Lawmakers Cite Weapons Found in Iraq
Rep. Peter Hoekstra (R-Mich.), chairman of the House intelligence committee, and Sen. Rick Santorum (R-Pa.) told reporters yesterday that weapons of mass destruction had in fact been found in Iraq, despite acknowledgments by the White House and the insistence of the intelligence community that no such weapons had been discovered.That's right, they are left over from the Iraq-Iran war 18 years ago and were first reported almost two years ago.
"We have found weapons of mass destruction in Iraq, chemical weapons," Santorum said.
The lawmakers pointed to an unclassified summary from a report by the National Ground Intelligence Center regarding 500 chemical munitions shells that had been buried near the Iranian border, and then long forgotten, by Iraqi troops during their eight-year war with Iran, which ended in 1988.
Even the Pentagon says nonsense:
The U.S. military announced in 2004 in Iraq that several crates of the old shells had been uncovered and that they contained a blister agent that was no longer active. Neither the military nor the White House nor the CIA considered the shells to be evidence of what was alleged by the Bush administration to be a current Iraqi program to make chemical, biological and nuclear weapons.On a side note Republican Senator Chuck Hagel blasted his own party yesterday on the Senate Floor;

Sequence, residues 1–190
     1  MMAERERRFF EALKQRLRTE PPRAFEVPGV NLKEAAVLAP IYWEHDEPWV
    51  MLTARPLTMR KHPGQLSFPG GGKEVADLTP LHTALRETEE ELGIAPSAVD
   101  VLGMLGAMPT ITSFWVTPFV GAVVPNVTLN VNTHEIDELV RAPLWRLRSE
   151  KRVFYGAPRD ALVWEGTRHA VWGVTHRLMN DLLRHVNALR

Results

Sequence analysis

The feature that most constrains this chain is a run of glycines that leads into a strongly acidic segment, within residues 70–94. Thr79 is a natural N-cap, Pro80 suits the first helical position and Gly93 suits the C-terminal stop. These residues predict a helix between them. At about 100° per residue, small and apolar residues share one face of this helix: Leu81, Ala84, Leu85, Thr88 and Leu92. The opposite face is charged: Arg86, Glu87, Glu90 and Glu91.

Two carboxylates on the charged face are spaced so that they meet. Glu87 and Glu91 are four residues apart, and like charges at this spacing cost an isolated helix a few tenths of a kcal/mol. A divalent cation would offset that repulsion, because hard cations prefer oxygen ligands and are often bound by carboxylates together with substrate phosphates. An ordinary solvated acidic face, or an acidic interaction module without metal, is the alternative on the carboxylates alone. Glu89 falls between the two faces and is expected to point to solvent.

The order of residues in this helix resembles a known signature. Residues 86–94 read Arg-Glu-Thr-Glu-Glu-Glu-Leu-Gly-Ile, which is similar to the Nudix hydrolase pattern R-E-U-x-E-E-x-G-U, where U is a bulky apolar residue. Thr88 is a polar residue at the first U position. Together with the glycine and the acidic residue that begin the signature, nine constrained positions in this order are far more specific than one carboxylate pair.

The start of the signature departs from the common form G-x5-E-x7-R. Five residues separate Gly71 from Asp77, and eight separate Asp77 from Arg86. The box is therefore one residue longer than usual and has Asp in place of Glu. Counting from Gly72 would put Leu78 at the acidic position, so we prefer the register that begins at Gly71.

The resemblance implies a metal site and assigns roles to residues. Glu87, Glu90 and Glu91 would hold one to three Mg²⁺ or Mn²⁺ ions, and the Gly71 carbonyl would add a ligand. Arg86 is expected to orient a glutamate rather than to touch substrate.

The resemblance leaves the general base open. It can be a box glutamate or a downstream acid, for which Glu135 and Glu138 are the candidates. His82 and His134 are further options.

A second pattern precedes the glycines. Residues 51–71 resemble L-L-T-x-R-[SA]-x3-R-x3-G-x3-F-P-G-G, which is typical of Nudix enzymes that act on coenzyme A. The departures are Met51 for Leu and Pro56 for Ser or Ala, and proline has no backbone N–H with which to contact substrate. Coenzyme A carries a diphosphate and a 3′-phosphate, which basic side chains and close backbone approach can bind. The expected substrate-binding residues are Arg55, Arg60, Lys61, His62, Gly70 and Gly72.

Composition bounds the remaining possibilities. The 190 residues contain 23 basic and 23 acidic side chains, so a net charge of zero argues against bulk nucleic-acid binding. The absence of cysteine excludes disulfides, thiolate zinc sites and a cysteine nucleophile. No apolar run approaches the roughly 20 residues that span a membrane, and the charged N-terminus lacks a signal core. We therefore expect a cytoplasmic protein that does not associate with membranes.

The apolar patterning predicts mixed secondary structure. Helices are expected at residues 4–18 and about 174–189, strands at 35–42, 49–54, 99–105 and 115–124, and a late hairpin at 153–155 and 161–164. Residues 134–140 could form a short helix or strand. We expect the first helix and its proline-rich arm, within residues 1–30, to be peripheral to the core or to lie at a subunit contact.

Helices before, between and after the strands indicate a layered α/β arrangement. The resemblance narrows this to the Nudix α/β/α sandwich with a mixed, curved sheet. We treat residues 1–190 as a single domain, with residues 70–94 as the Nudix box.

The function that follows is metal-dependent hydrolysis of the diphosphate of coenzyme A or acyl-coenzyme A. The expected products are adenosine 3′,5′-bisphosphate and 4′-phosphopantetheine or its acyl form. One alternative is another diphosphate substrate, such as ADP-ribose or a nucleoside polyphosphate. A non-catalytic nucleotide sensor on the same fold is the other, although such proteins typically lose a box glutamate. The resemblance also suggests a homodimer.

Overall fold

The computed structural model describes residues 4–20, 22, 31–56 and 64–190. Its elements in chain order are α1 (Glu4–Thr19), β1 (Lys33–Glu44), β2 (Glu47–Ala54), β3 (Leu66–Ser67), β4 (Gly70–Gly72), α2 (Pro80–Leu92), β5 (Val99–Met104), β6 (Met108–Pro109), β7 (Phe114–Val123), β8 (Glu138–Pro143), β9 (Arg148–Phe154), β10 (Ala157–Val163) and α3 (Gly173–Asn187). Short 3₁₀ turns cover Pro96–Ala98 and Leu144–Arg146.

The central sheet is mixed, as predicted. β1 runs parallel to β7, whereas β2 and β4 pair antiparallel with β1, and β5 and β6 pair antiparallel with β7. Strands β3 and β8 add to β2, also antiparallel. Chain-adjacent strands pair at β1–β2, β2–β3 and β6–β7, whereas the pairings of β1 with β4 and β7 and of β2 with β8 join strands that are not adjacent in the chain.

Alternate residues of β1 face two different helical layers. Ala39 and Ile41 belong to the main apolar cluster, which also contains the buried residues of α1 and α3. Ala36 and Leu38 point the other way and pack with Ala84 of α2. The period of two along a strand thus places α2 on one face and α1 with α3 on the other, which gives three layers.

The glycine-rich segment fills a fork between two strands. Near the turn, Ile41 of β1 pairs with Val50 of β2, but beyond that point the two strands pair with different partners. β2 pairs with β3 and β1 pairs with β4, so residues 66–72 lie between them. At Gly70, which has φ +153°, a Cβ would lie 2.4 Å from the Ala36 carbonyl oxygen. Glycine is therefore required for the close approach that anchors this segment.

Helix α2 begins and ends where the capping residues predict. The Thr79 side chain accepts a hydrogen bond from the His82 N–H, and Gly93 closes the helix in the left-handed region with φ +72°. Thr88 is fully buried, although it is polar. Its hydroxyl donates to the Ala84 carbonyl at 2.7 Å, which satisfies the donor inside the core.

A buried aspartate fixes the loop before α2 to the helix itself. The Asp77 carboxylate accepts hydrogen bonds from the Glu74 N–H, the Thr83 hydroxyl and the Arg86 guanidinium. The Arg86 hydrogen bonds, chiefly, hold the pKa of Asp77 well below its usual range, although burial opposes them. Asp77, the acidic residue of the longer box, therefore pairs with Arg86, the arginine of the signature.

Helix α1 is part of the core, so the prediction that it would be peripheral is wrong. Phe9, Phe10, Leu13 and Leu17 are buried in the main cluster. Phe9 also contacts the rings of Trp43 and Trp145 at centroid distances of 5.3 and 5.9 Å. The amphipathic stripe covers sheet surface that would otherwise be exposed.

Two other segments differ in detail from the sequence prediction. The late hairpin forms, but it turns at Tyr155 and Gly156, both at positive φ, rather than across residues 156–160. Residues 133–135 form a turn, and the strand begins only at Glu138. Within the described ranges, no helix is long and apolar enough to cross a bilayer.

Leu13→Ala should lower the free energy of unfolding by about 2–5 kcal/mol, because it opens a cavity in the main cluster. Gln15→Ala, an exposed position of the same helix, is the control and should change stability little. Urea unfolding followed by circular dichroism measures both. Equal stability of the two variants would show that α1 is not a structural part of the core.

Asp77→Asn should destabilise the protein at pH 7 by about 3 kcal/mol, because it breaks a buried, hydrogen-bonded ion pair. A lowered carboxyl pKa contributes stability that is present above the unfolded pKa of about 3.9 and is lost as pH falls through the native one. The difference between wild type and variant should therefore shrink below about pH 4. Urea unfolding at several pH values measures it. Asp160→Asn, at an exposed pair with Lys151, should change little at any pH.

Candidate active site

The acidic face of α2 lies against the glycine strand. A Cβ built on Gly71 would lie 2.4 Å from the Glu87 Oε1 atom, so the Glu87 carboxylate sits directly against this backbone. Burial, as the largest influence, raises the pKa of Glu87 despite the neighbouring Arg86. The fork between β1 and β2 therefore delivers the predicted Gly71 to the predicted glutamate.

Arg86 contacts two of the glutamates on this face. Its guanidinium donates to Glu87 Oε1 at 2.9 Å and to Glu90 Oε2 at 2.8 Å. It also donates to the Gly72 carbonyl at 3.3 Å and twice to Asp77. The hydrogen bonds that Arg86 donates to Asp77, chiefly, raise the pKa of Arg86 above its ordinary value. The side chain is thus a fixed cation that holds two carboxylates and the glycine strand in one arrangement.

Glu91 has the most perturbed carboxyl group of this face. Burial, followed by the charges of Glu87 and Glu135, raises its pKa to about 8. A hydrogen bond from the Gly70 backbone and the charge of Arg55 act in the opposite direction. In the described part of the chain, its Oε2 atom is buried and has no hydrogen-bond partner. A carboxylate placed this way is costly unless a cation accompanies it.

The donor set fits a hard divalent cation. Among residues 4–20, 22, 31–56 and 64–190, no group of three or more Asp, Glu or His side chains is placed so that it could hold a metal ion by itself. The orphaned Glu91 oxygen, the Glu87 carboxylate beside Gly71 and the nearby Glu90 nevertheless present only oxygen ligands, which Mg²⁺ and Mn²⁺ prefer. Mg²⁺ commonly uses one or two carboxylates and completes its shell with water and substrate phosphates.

Last night, intelligence officials reaffirmed that the shells were old and were not the suspected weapons of mass destruction sought in Iraq after the 2003 invasion.
Congress fails in its duty when we do not probe, when we fail, we do not ask tough questions, and we fail when we do not debate the gate issues of our day. There is no issue more important than war. The war in Iraq is the defining issue on which this Congress and the administration will be judged. The American people want to see serious debate about serious issues from serious leaders. They deserve more than a political debate. This debate should transcend cynical attempts to turn public frustration with the war in Iraq into an electoral advantage. It should be taken more seriously than to simply retreat into focus-group tested buzz words and phrases like “cut and run,” catchy political slogans that debase the seriousness of war. War’s not a partisan issue, Mr. President. It should not be held hostage to political agendas. War should not be drug down into the political muck. America deserves better. Our men and women fighting and dying deserve better.
Mahablog weighs in
Patterico is shocked that there was no mention of the WMD (non) story in the LA Times. Maybe that's because the fact that Peter Hoekstra and Rick Santorum are moronic political hacks is not really news and the LA Times is a newspaper.